Tuesday, September 23, 2014

Do Israel’s headlines reveal our truth?

You are reading this essay because you are an English speaker—or, at the very least, a reader of English. But when you read your English news headlines, do you understand the potential inner essence of the headline?

Headlines are more than just a group of words that provide information. They also tell a story. Sometimes, they unwittingly reveal an underlying truth.

Take the headline, “Lapid Holds Press Conference --On Shabbat?”, (Arutz Sheva, September 20, 2014). How would you read those words?

Well, first of all, the headline is both a statement (Lapid holds a Press Conference) and a question (on Shabbat?). The statement is clear: leading Israeli politician Yair Lapid gave a press conference. That’s news. But it isn’t new.

Politicians give Press Conferences all the time. It’s how they speak to voters.

It’s the question that’s new. The question suggests two things: first, it suggests that a Press Conference in
Israel on Shabbat is not the norm; and second, it raises a potential question about Lapid’s judgment.

In fact, that’s what the story was about. Yair Lapid, by calling a Press Conference on Shabbat, forced news reporters who might have been Shabbat-observing to travel (a potential violation of the Shabbat) in order to do their job.

But this news headline also contained a hidden revelation. It reminded us that Israel isn’t what we might have thought it was.

What’s the problem here? Many Israeli politicians are not Shabbat-observing. Many are not religious. Many speak ill of religion. Many so dislike religious Jews they are openly hostile to anything religious, including Shabbat.

A politician who’ breaks’ the Shabbat is not news.

Yes, for religious Jews, such a story is a frustration. It’s cause for negative feelings towards anti-religious Jews. It causes strife within the Jewish nation. It provokes us to separate from one another. It keeps us from uniting.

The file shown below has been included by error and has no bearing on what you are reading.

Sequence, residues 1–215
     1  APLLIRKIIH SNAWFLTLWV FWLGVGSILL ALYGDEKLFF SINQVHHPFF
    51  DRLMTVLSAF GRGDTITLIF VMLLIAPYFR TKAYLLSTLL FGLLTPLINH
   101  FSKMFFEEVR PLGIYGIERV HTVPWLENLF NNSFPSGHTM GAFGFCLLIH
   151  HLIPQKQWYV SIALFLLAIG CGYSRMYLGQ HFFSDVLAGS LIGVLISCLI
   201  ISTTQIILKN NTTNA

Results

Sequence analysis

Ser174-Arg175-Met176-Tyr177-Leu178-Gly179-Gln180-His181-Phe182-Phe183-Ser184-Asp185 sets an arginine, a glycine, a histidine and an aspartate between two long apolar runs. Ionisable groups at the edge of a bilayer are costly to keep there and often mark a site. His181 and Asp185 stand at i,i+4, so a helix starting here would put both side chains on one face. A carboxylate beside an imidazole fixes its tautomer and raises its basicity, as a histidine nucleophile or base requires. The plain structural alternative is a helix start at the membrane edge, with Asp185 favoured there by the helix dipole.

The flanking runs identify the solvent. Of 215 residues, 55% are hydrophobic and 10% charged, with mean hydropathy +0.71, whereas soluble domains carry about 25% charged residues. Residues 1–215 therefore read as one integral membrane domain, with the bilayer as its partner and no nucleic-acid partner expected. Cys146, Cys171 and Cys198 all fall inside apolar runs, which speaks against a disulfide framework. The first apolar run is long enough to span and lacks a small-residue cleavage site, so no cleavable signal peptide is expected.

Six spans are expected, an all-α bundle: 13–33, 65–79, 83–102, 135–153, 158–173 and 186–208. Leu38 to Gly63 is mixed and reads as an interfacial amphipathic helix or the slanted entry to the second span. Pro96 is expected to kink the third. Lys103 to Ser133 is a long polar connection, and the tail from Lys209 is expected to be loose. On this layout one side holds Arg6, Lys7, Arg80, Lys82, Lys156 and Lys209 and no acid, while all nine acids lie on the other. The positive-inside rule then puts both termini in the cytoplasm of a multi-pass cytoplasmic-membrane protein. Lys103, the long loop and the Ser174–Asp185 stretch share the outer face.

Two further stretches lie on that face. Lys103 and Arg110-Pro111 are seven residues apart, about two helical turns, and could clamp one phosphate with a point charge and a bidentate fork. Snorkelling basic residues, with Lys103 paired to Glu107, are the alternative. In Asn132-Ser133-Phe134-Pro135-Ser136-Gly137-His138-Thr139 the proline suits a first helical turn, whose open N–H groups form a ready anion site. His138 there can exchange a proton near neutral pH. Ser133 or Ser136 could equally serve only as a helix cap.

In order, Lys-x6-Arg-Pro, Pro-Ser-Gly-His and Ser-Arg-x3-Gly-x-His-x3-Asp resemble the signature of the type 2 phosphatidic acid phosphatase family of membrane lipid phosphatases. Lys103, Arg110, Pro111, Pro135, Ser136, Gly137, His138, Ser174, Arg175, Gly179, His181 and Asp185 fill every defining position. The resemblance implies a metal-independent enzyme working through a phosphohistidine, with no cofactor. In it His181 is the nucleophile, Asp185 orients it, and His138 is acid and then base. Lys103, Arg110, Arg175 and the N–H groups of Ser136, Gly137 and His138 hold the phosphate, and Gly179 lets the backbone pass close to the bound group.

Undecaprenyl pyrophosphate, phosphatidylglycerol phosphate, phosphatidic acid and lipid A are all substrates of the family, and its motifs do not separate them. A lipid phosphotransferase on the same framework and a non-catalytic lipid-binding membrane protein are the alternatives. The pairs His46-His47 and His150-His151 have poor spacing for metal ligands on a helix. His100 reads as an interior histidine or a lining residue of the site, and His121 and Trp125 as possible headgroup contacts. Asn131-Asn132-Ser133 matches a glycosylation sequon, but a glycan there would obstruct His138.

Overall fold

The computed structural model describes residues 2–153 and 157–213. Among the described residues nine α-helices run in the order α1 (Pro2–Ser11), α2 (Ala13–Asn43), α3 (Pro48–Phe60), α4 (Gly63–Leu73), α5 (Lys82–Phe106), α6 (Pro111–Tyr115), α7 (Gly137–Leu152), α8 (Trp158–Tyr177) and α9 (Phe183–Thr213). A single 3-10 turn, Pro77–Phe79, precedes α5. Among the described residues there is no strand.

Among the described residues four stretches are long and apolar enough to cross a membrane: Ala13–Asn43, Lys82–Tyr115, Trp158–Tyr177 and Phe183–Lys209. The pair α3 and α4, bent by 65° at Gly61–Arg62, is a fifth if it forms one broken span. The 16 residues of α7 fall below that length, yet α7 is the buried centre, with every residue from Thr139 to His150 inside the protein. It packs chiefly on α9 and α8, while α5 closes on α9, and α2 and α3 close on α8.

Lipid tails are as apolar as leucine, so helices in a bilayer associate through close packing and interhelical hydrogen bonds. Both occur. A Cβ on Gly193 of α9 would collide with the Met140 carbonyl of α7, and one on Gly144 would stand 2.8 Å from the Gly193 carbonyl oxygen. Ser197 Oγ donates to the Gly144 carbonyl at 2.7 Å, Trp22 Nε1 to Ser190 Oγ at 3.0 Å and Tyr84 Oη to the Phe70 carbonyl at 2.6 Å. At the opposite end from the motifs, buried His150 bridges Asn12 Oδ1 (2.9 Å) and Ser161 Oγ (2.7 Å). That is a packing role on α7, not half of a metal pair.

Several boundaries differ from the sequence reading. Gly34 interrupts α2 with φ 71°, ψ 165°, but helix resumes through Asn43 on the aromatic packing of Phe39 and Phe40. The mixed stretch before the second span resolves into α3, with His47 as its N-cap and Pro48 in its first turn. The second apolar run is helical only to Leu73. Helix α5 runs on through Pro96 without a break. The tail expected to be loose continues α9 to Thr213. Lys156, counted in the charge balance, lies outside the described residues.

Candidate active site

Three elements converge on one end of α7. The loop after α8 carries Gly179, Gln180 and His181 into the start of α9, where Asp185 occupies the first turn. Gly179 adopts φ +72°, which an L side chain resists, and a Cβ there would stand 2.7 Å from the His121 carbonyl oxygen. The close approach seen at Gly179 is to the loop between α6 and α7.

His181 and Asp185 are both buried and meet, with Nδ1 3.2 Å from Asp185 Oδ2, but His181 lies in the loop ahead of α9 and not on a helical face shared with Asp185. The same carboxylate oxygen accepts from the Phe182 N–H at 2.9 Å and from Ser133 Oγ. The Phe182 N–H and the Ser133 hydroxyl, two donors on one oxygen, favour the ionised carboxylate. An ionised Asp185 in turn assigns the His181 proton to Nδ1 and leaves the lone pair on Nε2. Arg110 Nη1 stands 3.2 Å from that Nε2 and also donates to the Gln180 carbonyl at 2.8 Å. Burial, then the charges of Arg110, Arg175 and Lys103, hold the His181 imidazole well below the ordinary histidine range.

Such a story highlights the differences between us. It’s one of the sad realities of modern Israel. We are not a united nation.
This story has two companion pieces (“Will Lapid's Sabbath Desecration Bring Down the Coalition?”, Arutz Sheva, September 20, 2014; and, “MKs lash Lapid for Shabbat press conference”, Times of Israel, September 21, 2014). Together, these three stories suggest that Lapid didn’t just anger religious Jews when he held this news conference. He offended, these stories suggest, Leftists as well.
That’s where the revelation lies.
Generally, Leftists aren’t a Shabbat-observing group. Typically, they are not religious. Typically, they are anti-religious (read Haaretz).
Now, it’s true that the Leftist Lapid reportedly most offended (Meretz Party Chairperson Zahava Galon) was probably being sarcastic when she criticized Lapid—though the Times of Israel story suggested she wasn’t. She said, “While you [the readers]were enjoying your day of rest, Finance Minister Yair Lapid decided to drag all the financial journalists from their homes in the middle of Shabbat, inviting them to park at the entrance to his house in Tel Aviv so that they could hear him read off a thoughtless announcement.”
It turns out that, at least according to Galon, Lapid’s ‘Press Conference’ took all of a minute-and-a-half. But, she said, “it certainly was enough to destroy the Shabbat of the cameramen and journalists forced”  to endure the meaningless utterances of the meaningless Lapid. It was, she said, ‘a demonstration of insensitivity” (Times of Israel, ibid).
On one level, this story is similar to other ‘news stories’ that get posted on weekends: they’re often more fluff than substance, more meaningless than meaningful.
But, despite this ‘weekend fluffery syndrome’, this story reveals something. It contains a hidden message: everyone in Israel, no matter his or  her religious affiliation, knows what Shabbat is all about.
That’s the hidden truth here. I don't know if Zehava Galon is religious. But all of us who live here understand that Israel is different. Non-religious Jews here usually know about Shabbat. They understand (the upcoming) Rosh Hashannah. They understand G-d in a way non-affiliated Jews elsewhere don’t.
Religious Jews, particularly those who call themselves 'Religious Zionists', should remember that. Yes, we are indeed not united. But we are a lot closer to being united than Jews in, say, America.
Whether or not Zahava Galon knows about Shabbat, she should be invited out to a Shabbat meal. She should be rewarded with a smile for her Shabbat recognition, even if that recognition was more for humour or ‘politics’ than anything else.
Whatever her religious affiliation, Zehava Galon is a lot closer to us than we think. We shouldn’t forget that.
The G-d of Israel has a Jewish Story He wants us to see. Zehava Galon is no less a part of that Story than you.
We hasten our Redemption through uniting. Zehavah Galon reveals that she understands something about the path to that Redemption. We shouldn’t ignore that.

We should reward it--even if she is a Leftist.

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